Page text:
Trench Coat Politics
His January 2003 appearance rattled state government.
And soon after the mysterious figure in the dark trench-coat began handing out pink slips at the behest of Gov.-elect Robert L. Ehrlich's incoming administration, T-shirts appeared: "Ehrlich-Steele. History is Here," they said on the front, and on the back: "The Trench-coat man."
Among those who wore them was Joseph Steffen, the former Ehrlich aid and self-described "political hit man."
The legend of the Trench-Coat Man was revisited during Monday's hearing of the special legislative committee examining the governor's hiring and firing practices. On the witness seat, the person responsible for the T-shirts, the governor's deputy appointments secretary, Diane Baker.
After Baker quietly acknowledged that she printed them, Sen. Brian E. Frosh (D-Montgomery) pressed for their meaning.
"Well, that's a good question senator," Baker said. "The trench coat man has become this urban legend, and it became this fact that there was this sinister man in a trench coat."
In fact, she said, the mysterious man was an employee in the state personnel office given the duty of handing dozens of termination notices in mid-January 2003. He wore a trench-coat because it happened to be cold that day, she said.
"In retrospect, should I have had them printed, no," she said. "It was more this is just so crazy and preposterous. Things get printed that aren't true. There was no trench-coat man, it was urban legend, that there was this secret person out there."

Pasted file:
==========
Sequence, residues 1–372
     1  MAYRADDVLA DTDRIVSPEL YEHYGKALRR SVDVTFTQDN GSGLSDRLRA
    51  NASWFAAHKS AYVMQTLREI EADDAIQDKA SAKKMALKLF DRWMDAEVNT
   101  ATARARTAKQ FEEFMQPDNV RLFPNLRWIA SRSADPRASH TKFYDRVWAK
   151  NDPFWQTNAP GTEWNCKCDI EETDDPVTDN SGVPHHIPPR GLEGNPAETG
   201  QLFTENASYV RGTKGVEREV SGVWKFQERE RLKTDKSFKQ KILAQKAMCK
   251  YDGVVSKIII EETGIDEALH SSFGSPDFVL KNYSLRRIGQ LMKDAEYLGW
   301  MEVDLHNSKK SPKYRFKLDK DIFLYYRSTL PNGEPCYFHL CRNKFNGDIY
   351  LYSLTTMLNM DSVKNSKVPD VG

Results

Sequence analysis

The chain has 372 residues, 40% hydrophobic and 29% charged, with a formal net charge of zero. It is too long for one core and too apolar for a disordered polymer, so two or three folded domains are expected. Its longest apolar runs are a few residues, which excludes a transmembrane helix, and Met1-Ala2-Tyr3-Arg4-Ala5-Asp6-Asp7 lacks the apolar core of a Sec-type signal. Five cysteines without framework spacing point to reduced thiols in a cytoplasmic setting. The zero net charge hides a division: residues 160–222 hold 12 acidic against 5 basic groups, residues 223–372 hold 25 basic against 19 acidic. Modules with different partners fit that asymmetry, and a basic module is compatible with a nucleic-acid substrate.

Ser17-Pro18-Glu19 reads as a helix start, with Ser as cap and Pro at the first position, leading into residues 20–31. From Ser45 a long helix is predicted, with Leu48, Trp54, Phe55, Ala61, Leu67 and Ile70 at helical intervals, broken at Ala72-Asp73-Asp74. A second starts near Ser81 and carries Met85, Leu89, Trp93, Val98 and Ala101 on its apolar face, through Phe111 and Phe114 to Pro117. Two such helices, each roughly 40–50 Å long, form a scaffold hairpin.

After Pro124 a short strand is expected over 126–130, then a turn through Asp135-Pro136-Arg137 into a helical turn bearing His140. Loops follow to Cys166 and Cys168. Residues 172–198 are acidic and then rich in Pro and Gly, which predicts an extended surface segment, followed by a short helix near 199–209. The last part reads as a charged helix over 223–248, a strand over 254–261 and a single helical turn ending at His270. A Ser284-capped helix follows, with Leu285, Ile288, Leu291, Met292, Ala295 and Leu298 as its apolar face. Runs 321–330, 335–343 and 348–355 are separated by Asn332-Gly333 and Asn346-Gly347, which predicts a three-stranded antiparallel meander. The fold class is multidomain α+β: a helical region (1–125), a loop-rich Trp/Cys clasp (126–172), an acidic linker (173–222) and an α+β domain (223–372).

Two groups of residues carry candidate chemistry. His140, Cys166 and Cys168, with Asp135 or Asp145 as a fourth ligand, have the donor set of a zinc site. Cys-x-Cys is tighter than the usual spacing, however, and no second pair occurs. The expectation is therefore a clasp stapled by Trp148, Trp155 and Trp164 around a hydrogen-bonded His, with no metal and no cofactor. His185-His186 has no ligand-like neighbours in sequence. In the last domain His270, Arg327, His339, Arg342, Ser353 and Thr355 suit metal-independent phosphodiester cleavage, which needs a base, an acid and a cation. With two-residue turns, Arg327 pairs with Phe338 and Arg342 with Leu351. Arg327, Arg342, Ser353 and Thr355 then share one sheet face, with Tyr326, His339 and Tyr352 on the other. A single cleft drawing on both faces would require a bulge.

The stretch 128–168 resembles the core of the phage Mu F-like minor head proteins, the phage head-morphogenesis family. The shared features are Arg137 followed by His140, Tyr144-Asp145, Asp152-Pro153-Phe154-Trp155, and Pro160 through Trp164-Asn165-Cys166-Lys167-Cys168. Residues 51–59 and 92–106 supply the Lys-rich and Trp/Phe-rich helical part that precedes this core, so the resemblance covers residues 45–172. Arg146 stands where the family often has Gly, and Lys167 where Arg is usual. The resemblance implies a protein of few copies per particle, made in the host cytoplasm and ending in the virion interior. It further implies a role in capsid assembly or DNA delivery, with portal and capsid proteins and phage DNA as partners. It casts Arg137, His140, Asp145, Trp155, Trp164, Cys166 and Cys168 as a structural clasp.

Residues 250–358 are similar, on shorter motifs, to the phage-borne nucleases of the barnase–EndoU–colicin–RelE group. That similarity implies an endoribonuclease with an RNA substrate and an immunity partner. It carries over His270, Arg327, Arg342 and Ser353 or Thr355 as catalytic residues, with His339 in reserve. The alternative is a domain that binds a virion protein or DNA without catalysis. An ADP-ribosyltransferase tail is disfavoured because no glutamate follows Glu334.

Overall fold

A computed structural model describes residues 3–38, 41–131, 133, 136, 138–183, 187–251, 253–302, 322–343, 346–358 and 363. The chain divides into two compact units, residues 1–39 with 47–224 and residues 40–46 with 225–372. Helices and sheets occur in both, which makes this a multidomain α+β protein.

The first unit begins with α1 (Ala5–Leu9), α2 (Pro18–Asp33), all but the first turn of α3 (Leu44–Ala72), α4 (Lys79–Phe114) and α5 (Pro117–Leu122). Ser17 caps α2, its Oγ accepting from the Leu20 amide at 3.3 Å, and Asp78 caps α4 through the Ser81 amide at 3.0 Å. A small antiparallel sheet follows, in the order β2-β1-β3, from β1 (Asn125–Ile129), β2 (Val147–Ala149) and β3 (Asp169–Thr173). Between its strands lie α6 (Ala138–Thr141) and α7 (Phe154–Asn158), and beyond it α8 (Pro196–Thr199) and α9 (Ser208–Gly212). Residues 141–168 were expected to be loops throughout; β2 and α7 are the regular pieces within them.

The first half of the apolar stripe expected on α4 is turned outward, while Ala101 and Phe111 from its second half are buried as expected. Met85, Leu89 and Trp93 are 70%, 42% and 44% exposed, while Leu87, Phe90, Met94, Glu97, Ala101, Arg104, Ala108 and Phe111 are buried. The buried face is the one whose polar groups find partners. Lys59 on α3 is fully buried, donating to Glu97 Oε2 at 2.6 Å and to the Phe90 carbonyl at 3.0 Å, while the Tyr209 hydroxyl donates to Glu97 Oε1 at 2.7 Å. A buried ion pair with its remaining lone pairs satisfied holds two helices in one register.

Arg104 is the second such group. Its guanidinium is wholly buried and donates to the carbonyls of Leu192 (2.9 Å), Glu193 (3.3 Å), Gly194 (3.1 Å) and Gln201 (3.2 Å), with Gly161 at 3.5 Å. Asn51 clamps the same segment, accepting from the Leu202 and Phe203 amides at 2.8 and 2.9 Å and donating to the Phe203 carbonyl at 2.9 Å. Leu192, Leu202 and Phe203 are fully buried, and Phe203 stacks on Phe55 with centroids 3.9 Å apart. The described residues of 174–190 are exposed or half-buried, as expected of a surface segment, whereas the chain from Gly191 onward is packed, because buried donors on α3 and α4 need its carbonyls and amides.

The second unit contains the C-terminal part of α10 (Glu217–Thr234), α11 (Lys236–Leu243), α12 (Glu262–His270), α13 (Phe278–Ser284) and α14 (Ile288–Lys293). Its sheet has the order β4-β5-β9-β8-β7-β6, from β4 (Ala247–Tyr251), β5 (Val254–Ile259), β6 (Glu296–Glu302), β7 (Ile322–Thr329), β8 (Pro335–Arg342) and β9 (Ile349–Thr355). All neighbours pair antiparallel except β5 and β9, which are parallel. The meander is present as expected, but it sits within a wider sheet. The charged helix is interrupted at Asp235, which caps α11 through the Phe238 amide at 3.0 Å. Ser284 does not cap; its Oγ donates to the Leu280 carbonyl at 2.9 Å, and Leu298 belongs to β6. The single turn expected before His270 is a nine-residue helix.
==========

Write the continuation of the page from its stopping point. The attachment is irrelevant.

"And this is something you wanted to print out of a sense of pride?" Frosh said.
"I can't say why I had it printed," she said. "It was a mistake, and I told you it was a mistake."
It was a downright loquacious answer for Baker after more than an hour of testimony in which she repeatedly said she couldn't recall conversations and correspondence involving terminations from two and three years ago.
When it was Del. Maggie McIntosh's turn to question her, the Baltimore Democrat said "I'm going to lighten it up... have I met you before?"
Baker gleefully reminded McIntosh that they had crossed paths in Annapolis, and had met when McIntosh lobbied Washington, where Baker worked as an aide for then-Congressman Ehrlich in the mid 1990s.
"That was a long time ago, and you remember me?" McIntosh said, springing the trap and drawling laughs from the panel.
"Well you're an important person," Baker responded.
"Ahhh," McIntosh said.
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